The Davis County Energy District's tentative budget for 1991-92 bears good and bad news for Davis residents.
The good news: The $50-per-ton tipping fee - which garbage haulers pay the district and which largely determines what your garbage rates are - will not go up.The bad news: The $50-per-ton tipping fee will not go down, either.
Consequently, Davis residents - except those in Bountiful, which is not part of the district - will continue to pay some of the highest garbage rates in the state.
If it's any consolation, though, the high costs can be considered an investment in the future because the money is paying for the energy recovery facility, or burn plant, which incinerates the garbage to produce steam sold for profit and reduces the garbage's volume by 90 percent, said LeGrand Bitter, energy district director.
The tipping fee - which has more than tripled since 1986, when it was $15 per ton - is high because revenues from steam sales to Hill Air Force Base have fallen far short of projections.
When the burn plant was in the planning stages in the mid-1980s, forecasters predicted it would be earning as much as $5 million a year in steam revenues by now.
But, instead, it is only producing around $1.5 million a year, forcing the district to make up the deficit with higher tipping fees to commercial haulers, who pass the fee along to garbage rate payers.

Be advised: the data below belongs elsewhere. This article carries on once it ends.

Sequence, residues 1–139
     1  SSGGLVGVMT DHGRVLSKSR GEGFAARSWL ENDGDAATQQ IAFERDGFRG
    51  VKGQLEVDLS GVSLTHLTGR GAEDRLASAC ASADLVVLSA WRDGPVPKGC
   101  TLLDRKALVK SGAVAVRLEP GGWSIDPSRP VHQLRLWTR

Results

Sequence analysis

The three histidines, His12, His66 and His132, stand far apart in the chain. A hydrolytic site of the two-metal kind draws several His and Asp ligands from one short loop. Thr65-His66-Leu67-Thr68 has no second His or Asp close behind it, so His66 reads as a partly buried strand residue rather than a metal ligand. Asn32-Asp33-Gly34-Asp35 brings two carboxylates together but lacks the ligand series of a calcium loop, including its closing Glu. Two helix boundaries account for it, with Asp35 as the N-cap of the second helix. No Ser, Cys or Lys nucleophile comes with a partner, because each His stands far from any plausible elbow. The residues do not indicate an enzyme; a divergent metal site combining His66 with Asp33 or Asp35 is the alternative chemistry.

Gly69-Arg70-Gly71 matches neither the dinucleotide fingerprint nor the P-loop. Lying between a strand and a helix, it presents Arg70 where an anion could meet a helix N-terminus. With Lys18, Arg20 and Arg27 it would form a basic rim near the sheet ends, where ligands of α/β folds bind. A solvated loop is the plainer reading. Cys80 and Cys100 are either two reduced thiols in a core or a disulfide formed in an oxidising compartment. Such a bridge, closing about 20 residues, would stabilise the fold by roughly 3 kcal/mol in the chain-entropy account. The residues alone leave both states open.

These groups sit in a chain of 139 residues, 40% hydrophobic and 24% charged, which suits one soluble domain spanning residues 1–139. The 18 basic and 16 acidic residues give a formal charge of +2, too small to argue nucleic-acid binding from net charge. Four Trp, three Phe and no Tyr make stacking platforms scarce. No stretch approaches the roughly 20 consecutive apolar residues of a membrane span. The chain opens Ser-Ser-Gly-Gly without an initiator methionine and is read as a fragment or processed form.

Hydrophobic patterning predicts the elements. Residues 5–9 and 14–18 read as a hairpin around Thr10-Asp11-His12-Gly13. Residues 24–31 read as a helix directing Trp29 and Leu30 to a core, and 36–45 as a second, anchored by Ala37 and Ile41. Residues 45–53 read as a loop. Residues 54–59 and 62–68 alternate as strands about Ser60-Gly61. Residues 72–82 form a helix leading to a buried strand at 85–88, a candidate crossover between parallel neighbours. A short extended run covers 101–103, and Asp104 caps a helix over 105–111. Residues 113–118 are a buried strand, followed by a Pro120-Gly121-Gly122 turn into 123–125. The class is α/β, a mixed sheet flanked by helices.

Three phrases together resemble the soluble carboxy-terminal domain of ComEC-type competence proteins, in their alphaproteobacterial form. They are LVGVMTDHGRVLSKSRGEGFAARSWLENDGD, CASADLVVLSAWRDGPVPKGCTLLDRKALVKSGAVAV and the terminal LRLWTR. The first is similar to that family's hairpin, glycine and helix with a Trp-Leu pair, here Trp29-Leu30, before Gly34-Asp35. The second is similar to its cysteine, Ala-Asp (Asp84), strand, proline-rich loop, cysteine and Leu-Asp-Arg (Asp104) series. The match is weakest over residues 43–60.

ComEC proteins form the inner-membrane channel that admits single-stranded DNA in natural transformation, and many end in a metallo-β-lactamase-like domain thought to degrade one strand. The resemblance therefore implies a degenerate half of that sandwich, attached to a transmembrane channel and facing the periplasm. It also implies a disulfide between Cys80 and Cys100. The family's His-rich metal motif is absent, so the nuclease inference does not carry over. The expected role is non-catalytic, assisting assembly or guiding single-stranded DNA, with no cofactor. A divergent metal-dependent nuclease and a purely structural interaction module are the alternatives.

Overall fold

Total district revenues in 1991-92 are expected to be $7.9 million, with $5.9 million coming from tipping fees.
The biggest expense is an estimated $3.8 million in interest payments on the $52 million bond issued to build the plant. That expense could go up, depending on what the bond market does to the variable rate.
Complicating budget matters this year is litigation between the district and Davis Energy Systems, which operates the burn plant. The district has budgeted $250,000 for legal fees, a 250-percent increase over 1990-91 legal expenses.
"Certainly the things that can adversely affect us are interest rates and an adverse ruling in the lawsuits," Bitter said.
A public hearing on the energy district's budget has been set for Tuesday, May 8, at 5:15 p.m. in the County Commission Chambers in Farmington. A copy of the budget will be available for public inspection at the district offices, 650 E. Highway 193, Layton, for seven days prior to the hearing.